Since I live in the Harz, I like exploring. I always lived in the Harz. And due to the rich history of the area, particularly in mining, there is a lot of old stuff to explore related to mining. Like the Oberharzer Wasserregal, that is also a UNESCO World Heritage Site.

Now, I’ve seen parts of this extensive water network consisting of artificial lakes, streams and channels, but I never really went anywhere just to explore this piece of history.



(On my way from the parking lot to the site.)


In the days when the Harz was still an area full of operational mines, the miners needed power for their equipment and lifts (also known as Fahrkunst). And that’s where the Oberharzer Wasseregal came into play.

The water was used to turn large water wheels and that motion was then used for equipment or converted to be used for the lifts I mentioned earlier. In some cases, the water was even used to create pressurized air for more modern tools.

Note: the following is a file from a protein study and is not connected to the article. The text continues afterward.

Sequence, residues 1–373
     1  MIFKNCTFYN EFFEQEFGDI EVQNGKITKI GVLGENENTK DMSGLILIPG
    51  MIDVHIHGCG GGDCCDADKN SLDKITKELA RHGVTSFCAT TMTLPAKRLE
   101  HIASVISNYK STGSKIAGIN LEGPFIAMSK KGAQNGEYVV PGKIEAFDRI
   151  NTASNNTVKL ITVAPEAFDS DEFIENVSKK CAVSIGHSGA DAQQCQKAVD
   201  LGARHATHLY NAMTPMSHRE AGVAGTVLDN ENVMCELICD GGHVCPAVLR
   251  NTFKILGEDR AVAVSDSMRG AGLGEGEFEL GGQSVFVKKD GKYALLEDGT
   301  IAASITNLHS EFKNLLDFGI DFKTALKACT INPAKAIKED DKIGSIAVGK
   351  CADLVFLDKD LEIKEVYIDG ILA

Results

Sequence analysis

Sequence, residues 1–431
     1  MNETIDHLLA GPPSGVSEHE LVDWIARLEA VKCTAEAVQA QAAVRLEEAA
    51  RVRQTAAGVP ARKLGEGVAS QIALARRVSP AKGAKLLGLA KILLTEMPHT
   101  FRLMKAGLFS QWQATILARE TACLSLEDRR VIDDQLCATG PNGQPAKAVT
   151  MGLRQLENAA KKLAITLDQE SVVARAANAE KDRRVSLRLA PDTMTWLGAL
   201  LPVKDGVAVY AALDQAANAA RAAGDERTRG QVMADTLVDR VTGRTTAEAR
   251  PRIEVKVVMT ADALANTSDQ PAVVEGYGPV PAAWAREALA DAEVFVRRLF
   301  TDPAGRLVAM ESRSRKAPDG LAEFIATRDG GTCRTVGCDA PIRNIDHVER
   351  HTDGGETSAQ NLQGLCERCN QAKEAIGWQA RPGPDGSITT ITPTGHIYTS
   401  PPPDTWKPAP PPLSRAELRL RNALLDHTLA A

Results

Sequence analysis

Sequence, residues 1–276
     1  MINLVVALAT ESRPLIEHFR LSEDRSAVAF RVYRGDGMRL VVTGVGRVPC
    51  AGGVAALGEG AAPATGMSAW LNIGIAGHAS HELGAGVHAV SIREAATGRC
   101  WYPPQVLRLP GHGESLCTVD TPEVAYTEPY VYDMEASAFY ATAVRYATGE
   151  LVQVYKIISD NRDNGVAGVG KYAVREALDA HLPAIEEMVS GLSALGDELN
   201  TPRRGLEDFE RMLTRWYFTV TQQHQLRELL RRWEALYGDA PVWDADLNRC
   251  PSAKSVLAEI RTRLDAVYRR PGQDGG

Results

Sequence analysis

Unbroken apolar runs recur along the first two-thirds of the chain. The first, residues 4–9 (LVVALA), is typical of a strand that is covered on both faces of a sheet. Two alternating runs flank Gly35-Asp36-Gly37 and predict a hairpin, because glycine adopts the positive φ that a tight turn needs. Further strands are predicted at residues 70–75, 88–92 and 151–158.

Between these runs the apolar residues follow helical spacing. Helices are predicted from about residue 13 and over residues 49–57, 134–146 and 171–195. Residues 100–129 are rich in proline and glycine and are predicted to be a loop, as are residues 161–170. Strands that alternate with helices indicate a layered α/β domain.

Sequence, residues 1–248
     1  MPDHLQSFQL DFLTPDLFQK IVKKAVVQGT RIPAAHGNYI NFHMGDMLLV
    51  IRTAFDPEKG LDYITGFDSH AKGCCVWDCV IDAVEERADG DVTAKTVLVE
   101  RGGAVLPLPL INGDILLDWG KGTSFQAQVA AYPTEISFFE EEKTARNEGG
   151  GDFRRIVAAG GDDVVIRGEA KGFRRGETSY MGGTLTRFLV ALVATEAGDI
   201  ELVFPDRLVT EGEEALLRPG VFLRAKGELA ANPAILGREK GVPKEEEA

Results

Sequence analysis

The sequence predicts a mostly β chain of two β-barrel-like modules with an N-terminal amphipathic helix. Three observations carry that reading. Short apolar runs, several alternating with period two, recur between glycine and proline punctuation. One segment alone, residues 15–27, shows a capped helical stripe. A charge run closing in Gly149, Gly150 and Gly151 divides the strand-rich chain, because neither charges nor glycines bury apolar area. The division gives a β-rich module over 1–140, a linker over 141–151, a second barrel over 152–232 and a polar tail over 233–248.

To get the water from where it was to where it was needed, the miners build lakes, called Teiche in the Harz, to store water and channels to get it around.



(The Dammgraben World Heritage site.)


It’s a magnificent system if you think about it. Lakes acting as ‘batteries’ storing power and channels and streams to acting as ‘power lines’ to get to the user, in the case of the Harz, to the mines.

This is just the beginning of my new ‘Exploring Heritage’ series, so stay tuned for more.

Do you have any historically interesting places near you? Which are your favourite? Tell me in the comments down below.


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